Countering the Critics

With more than 100 million books in print in the United States the last dozen years, best-selling author John Grisham personifies publishing prowess. Yet the critics still hound him doggedly, as if commercial success somehow disqualifies someone from being considered legitimately good at their craft.

To his credit, Grisham generally tries not to pay the critics much attention. “I’ve sold too many books to ever be taken seriously by critics,” he told the Associated Press. “What I think about is making the best book I’ve ever written. That’s my goal every time.”

I think that is an attitude worth emulating and it reminds me of a quote attributed to Teddy Roosevelt: “It is not the critic who counts…the credit belongs to the man who is actually in the arena.” While I’m on the subject of Grisham, I must admit that I like his sense of priorities also. Included below is an insightful excerpt from his interview with the Associated Press.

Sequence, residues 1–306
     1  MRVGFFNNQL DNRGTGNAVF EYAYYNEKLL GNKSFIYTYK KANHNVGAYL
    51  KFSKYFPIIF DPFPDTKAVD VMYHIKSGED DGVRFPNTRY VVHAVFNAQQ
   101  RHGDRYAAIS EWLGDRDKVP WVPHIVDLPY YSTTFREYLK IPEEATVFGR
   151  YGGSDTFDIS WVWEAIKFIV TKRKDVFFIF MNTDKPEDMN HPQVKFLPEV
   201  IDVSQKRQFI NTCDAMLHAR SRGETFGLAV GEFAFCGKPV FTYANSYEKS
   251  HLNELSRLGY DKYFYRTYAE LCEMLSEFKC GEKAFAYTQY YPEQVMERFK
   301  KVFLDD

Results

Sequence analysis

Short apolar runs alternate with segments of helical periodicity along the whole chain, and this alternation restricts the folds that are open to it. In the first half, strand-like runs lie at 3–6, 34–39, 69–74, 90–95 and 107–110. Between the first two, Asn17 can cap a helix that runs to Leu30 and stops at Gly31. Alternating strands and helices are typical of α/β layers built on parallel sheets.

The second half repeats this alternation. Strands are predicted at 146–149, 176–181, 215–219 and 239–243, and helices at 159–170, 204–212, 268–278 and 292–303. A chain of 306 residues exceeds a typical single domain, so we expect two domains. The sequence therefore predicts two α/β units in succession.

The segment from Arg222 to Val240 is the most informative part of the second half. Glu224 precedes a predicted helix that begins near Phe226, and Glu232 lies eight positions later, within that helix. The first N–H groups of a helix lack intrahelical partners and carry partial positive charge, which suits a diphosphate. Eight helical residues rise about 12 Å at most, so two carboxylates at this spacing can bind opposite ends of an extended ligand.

“His workday usually begins at 6 a.m., when he walks out to a small cottage behind his home and writes about 10 pages by noon. The cottage has no telephone, no fax machine and nothing to distract him but two slips of paper hanging on his wall—his children’s sports schedules. ‘I guess you can see what’s important,’ said Grisham. ‘We never miss a game.’”

As Grisham’s comment indicates, family is forever while fame is fleeting, so we need to treat them accordingly. This reminds me of a thought-provoking Scripture: “For what will it profit a man if he gains the whole world, and loses his own soul?” [What is dearest to him, in other words.] It’s food for thought.